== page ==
Synopsis: NITI Aayog has released a draft National Policy on migrant workers. Though it is well-intentioned, it fails to address the policy misrepresentations which is at the root of migrant workers’ issues.
The suffering of migrant workers during the pandemic raised awareness about their scale, vulnerability, and role in the economy. It also led to several measures taken by the central and state governments.
Read more – Draft policy on migrant workers
- Niti Aayog prepared an umbrella policy document for migrant labourers, including informal sector workers.
- The draft policy provides a perspective on recognising the scale and role of migrant workers. It states that a complete policy must be viewed from a “human rights, property rights, economic, social development, and foreign policy lens”.
What are the features mentioned in the draft policy?
It states that a rights-based and labour rights perspective built around the core issue of the dignity of labour must be the principle of policy. It should meet ILO commitments and the Sustainable Development Goals.
- Firstly, the document appreciates the magnitude of the migrants and their role in the economy. It also finds that the present data fails to capture the growth in their numbers.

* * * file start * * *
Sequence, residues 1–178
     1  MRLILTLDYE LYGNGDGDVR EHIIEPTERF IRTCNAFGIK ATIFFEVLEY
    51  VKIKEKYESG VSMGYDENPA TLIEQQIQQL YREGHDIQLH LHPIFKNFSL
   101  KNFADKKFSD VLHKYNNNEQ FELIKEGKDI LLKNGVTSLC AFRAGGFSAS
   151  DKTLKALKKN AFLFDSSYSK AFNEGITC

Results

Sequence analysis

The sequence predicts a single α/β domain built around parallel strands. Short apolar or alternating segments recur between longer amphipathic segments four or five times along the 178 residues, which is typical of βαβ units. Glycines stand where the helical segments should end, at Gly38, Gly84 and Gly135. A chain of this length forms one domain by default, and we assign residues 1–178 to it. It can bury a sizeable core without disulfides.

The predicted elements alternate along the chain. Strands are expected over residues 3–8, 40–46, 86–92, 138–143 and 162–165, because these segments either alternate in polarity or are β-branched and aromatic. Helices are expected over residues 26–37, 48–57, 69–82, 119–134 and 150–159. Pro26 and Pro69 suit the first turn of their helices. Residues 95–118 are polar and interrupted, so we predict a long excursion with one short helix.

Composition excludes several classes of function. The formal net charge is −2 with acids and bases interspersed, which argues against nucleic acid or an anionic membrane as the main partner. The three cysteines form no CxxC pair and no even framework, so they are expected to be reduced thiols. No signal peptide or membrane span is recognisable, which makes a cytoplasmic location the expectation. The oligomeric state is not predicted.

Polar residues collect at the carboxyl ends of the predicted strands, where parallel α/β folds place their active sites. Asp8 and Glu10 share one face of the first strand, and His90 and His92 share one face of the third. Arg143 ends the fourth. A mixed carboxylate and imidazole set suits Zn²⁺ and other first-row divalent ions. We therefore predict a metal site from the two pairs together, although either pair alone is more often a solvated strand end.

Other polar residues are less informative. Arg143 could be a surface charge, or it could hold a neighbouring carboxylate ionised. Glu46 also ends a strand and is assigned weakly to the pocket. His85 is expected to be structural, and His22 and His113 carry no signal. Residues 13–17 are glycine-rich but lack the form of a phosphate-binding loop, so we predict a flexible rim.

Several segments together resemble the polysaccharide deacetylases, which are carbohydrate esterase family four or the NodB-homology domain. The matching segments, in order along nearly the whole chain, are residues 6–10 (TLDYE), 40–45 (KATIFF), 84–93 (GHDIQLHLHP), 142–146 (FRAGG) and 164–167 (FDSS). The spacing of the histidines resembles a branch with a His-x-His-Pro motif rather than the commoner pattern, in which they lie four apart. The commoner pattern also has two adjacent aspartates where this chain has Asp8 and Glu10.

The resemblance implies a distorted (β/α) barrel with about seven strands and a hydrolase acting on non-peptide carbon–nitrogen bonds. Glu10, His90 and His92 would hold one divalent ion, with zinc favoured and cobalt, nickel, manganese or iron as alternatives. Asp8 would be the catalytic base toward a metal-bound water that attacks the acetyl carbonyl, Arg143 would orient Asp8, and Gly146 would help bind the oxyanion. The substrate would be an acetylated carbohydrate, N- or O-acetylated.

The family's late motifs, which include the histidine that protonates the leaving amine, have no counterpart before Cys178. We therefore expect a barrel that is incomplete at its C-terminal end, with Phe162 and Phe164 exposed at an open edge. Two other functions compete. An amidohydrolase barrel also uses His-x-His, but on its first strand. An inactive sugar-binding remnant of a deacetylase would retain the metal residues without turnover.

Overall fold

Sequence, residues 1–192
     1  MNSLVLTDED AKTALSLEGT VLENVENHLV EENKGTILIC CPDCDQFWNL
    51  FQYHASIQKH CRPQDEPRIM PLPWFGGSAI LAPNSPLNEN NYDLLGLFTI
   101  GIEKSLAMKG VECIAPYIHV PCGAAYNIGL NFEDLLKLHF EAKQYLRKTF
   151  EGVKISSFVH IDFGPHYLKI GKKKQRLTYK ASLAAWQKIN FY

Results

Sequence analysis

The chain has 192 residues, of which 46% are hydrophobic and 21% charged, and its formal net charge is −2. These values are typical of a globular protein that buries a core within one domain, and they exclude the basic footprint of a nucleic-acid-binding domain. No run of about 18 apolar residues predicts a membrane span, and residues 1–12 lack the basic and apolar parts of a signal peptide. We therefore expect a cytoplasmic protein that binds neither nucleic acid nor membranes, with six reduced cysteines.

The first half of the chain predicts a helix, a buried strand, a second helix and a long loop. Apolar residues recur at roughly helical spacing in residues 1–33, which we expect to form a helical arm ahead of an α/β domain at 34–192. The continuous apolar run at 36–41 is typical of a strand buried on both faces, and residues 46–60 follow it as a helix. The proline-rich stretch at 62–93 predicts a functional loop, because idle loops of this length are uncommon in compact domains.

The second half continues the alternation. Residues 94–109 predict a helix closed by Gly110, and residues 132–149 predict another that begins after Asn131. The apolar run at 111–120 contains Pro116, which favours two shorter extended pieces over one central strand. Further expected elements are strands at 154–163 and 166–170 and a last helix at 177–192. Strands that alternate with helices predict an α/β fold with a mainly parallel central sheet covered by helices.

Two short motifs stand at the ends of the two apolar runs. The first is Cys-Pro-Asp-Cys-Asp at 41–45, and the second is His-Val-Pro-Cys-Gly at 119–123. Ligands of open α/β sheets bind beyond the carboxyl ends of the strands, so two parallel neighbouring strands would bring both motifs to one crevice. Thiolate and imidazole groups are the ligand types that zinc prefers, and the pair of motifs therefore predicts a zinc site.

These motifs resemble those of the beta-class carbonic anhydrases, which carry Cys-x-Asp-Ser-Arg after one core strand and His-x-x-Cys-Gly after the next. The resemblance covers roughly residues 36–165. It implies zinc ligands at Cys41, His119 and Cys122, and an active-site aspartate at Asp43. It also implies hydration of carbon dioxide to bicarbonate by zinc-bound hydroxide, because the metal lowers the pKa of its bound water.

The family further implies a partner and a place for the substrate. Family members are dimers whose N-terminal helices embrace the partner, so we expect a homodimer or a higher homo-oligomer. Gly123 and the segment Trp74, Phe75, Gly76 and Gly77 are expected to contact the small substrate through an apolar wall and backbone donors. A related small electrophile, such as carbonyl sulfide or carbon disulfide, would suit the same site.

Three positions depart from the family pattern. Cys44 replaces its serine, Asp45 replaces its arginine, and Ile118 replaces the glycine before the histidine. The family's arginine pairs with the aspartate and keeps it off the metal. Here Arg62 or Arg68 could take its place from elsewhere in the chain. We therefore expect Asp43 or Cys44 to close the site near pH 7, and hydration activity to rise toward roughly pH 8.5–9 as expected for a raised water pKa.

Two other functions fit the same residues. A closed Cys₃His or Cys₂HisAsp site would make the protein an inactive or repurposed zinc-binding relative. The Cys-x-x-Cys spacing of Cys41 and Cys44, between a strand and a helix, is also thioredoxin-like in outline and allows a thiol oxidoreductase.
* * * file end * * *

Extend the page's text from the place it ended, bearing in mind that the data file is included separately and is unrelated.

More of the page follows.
- Secondly, many sources of vulnerabilities of migrant labourers have been described in the document. It includes:
- Their invisibility and political and social exclusion to informal work arrangements.
- Exploitation and denial of labour rights.
- Lack of collective voice, exclusion from social protection arrangements.
- Formal skills, health, education, and housing.
- Thirdly, it identifies the transferability of social protection, voting rights, right to the city. It recognizes health, education and housing facilities as key issues to be dealt with.
- Lastly, it proposes a governance structure with the Ministry of Labour. It will act as a focal point for inter-ministerial and Centre-state coordination. It also proposes mechanisms for coordinating the effort on inter-state migration.
What are the issues missed by the draft policy?
The draft misses recognising and addressing many critical issues.
- First, gaps in development and inequalities have grown constantly in the last 3 decades. It requires corrections in the development strategy without which migration is bound to grow unchecked. The report did not acknowledge this.
- Second, the report fails to recognize the root cause of the uneven urban development strategy. The urban strategy has marginalised the poor and the migrants.
- Third, the report has denied approaches that rely on cash transfers and special allowances. The denial of the first approach has resulted in ignoring the migrants’ and informal workers’ right to social security.
- Fourth, the biggest weakness of the report is its approach towards labour rights and labour policy. It puts grievance and legal redressal above regulation and enforcement.
- Lastly, the labour codes which are promoting ease of business, have shifted the balance firmly in favour of capital. This weakens the bargaining power of labour and further weakens an already drained enforcement system.
The way forward
- The draft policy identifies the problems but fails to address the policy distortions. However, if the draft will be opened up for further discussions and feedback, it will enrich and complete what is already a significant beginning.